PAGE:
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Wednesday, September 08, 2004
Is There No Escape?!

I don't know why I even bother to read the Minneapolis Star Tribune. I steadfastly refuse to subscribe, but the reality of life in the Twin Cities dictates that one is never too far from someone who does. As a result, I invariably end up with the dreadful stain of the Strib's ink on my fingers and the accompanying stain on my ever darkening soul.

In the past, I have always been able to justify my foray into wickedness by forcefully stating that my only interest in picking up a copy was to peruse last night's box scores or to see how many Vikings players were arrested the previous evening. I always took some comfort in the fact that the sports section of our local rag seemed to be somewhat immune to the cancer that has spread throughout its pages via the poisoned minds of Jim Boyd, Nick Coleman, et al.

Alas, my rose-colored reverie has been brutally shattered by the publication of a sports piece so vapid and juvenile that a sound fisking would be both embarrassing to me and to the author. Instead, I merely present the column here, in its entirety, for your reading pleasure:

Documentary Film Sews Up His Vote

(Bryant McKinnie has developed into a cornerstone of the Vikings franchise. His personal interests range well beyond football, and he will share them with Star Tribune readers every Wednesday through the NFL season.)

I'm back practicing now after spraining my right knee two weeks ago. The doctors have given me an elastic sleeve to wear around the knee. It feels better with it on, mentally. It's like I've got security with it.

I sat out the team drills Monday, but I'll be back Wednesday doing everything. And you know I'll be ready for the Dallas game Sunday. The main guy I'm going to be going up against is Greg Ellis, No. 98. I'm going to watch tapes of his pass rushing moves this week so I can learn how he plays.

Enough with that stuff. I saw the movie "Fahrenheit 9/11" not too long ago. I'm a Democrat, but after going to see that movie, I don't think it should even be close who you're voting for. I know I definitely won't be voting for President Bush.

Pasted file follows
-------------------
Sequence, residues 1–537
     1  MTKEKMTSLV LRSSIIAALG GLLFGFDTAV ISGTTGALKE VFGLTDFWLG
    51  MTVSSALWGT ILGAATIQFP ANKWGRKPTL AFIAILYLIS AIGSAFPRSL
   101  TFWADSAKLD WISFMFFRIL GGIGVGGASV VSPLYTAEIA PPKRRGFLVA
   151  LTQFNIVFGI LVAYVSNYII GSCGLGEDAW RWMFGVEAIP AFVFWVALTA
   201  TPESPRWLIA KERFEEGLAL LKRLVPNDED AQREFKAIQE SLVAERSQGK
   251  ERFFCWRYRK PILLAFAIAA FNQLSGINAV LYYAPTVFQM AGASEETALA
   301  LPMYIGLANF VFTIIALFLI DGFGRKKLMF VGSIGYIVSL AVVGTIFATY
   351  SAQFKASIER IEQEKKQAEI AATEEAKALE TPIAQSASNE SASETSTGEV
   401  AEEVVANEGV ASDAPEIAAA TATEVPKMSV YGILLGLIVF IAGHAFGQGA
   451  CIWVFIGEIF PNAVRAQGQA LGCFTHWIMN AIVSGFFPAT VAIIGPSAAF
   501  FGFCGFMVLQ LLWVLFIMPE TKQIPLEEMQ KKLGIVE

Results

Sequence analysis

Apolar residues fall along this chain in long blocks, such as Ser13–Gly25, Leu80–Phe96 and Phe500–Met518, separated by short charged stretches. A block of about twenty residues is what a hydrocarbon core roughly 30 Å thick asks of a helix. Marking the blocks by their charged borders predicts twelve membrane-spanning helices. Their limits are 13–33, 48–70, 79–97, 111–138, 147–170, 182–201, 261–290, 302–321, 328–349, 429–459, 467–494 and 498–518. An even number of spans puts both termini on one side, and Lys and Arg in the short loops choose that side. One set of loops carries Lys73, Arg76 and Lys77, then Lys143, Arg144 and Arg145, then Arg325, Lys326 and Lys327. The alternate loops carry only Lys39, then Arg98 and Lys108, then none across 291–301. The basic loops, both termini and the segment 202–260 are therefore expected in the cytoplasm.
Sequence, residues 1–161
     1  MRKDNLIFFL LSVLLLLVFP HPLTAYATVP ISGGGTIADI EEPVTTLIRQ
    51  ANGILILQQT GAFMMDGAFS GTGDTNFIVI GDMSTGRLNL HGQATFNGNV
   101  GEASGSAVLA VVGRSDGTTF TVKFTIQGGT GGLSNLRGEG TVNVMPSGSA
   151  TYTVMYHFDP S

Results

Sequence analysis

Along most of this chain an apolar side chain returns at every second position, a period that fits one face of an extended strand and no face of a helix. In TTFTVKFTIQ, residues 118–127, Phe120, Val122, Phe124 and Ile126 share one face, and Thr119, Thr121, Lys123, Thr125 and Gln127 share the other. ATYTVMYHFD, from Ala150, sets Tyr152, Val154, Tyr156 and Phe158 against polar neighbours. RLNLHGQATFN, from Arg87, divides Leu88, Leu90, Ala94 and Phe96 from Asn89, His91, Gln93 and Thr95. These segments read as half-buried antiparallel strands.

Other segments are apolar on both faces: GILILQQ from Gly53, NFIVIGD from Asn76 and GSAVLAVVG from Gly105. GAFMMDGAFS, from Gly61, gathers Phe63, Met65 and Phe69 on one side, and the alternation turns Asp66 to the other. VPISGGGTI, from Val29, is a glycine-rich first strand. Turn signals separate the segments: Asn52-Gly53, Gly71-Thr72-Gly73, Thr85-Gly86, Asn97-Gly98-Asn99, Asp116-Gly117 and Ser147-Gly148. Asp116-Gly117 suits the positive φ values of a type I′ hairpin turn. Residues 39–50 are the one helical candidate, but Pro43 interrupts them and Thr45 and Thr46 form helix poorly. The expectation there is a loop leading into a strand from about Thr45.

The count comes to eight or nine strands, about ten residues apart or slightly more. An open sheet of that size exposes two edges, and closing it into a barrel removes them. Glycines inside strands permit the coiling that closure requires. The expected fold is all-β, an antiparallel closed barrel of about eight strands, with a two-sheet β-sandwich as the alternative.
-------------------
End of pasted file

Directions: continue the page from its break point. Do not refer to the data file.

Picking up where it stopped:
I was in Florida, going to school at Miami, when all the foolishness down there helped Bush get elected. I voted for Al Gore, but I don't even know if my vote counted. People tried to make it out like people in Florida are slow and didn't know how to vote. That wasn't it at all.

Before I saw the movie, I didn't know too much about all the issues that have come up since then. I thought it gave you a better opportunity to see what's going on. Some people say that the director, Michael Moore, might have exaggerated some of the things in the movie or left stuff out, but I still don't see how you couldn't be convinced by what was in it.

I was really concerned about what the movie said about Bush and the Bin Laden family, how they were each making money for the other. It's nothing but a big scam. They were hustling each other. That's why Bush isn't trying to go after him now. He went after Saddam Hussein, and he's got nothing to do with 9/11.

Seems to me you should get the guy who sent those guys over here to do the bombing. That's Bin Laden.

I just couldn't believe how the movie showed Bush already knew the Bin Laden family, and that he allowed them to fly out of the country after 9/11. If somebody's suspected for murder in this country, and the cops can't find you, they're going to go to your parents and question them. So why did Bush let Bin Laden's family out of the country? I think that was stupid.


My conclusion, after assaulting my eyeballs with the utter nonsense above, is that either Bryant McKinnie is a babbling moron or that Jim Boyd has been relegated to ghostwriting inane Vikings diary pieces. If it is the former, may the Vikings go 0-16 this year as punishment for subjecting readers to such tripe. If it is the latter, let me be the first to congratulate Mr. Boyd on finally finding his niche.

In either case, I think I'll resist the urge to pick up tomorrow's sports section.